Sam Roem, an Australian-based performing artist, explained how the traditional Papuan dance and song he practices “copies how animals react” in the process of hunting and giving thanks to the nourishment that nature offers to people. “Every movement … (has) symbols meaning something about the culture.” 

The panel concluded with a musical performance from SIBS company members and a collaborative throat singing performance by Tagaq, Varna and Mike.   


During the question-and-answer portion of the event, an audience member asked if the panelists felt like their art had saved their lives. In response, Varna shared her experience losing her brother to suicide. 

“The day we buried my brother was the day I decided to drum, and I never stopped,” Varna said. 

Tagaq addressed the spiritual strength  embodied by the Inuk people when answering the question, also pointing to a significant familial connection. “When I sing with my sisters, that gives me more strength to live even though we witness so much,” Tagaq said. 

“There is nothing stronger than survival. It’s the human spirit,” she added. “Nothing can break us no matter what.”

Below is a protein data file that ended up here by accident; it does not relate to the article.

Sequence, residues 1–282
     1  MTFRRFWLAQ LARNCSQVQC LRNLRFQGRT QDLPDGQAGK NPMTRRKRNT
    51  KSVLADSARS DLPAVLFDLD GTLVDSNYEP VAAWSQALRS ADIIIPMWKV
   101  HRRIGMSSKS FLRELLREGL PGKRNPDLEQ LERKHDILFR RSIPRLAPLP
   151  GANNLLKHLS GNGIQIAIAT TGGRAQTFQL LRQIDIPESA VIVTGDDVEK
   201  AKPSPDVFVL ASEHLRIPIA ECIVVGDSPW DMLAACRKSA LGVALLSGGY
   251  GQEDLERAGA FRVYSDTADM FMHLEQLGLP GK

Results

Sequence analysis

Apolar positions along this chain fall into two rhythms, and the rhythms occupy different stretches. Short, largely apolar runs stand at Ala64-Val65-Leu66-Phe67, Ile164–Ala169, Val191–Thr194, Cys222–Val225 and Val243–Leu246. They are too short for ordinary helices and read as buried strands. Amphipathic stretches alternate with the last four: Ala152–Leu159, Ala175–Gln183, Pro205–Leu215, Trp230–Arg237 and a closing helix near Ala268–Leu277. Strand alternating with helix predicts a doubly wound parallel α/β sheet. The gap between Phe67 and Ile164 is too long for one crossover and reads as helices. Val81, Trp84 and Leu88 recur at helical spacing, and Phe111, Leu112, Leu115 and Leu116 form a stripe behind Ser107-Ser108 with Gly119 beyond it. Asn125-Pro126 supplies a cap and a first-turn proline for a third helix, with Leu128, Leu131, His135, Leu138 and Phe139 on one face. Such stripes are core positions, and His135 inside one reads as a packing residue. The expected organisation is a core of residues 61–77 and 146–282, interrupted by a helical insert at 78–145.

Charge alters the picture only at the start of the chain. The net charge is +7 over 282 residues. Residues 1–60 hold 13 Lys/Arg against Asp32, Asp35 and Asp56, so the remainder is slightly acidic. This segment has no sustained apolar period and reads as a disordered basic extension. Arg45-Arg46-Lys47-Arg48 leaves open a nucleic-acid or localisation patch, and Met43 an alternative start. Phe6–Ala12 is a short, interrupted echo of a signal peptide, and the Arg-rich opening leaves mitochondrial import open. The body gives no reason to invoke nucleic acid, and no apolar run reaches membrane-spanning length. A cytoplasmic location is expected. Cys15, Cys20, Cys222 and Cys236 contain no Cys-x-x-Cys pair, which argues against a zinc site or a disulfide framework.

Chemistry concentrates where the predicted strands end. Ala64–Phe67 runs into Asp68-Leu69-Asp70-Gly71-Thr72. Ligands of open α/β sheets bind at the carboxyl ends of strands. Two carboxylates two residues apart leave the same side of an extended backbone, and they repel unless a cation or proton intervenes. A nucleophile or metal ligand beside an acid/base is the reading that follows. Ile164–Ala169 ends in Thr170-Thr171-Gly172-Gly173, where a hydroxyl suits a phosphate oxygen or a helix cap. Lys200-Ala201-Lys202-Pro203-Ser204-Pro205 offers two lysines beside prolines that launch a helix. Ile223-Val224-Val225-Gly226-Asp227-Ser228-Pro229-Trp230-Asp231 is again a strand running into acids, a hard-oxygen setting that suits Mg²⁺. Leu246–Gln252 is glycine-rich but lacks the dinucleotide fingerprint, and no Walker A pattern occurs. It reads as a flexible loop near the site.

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After the event, attendees positively highlighted the diversity and vulnerability of the panel. 

Deanne Fernandes, a MFA student at the Rhode Island School of Design, was interested in the panel due to her own work, which investigates the intersection of sociology and illustration. She was impressed by “the honesty and the pride with which (the panelists) tell their stories.” 

“We are used to the capitalist system of functioning and we (tend to) shy away from revealing where we come from and being proud of the way we create art,” Fernandes said. “Seeing (the panelists’ pride) was really emotional for me.” 

According to Chen, choosing guests to feature in the panel was a thoughtful task. “When we were discussing our performance and residency … we said that we’d really like to come in contact with the local community, especially Native American artists,” Chen said in an interview with The Herald. 

Chen co-founded SIBS in 2015 with Tim Cole — who also spoke at the panel about his video production work with the company — after learning of the endangering effects that climate change has on small island nations. Since February, the company has been performing across the country as part of their “Our Island” tour. 

“I hope anyone who comes to see our show or is a part of any (of our) events will get a feeling that we can all do something,” Chen said. “No individual is too small to respond to an issue that (they) care about.” 

Tagaq will perform with the Kronos Quartet and other special guests at the Lindemann Performing Arts Center this Friday and Sunday. 

Isabel Hahn

Isabel Hahn is an Arts & Culture section editor who concentrates in English and Behavioral Decision Sciences. In her free time, she enjoys watching movies, reading, and journaling.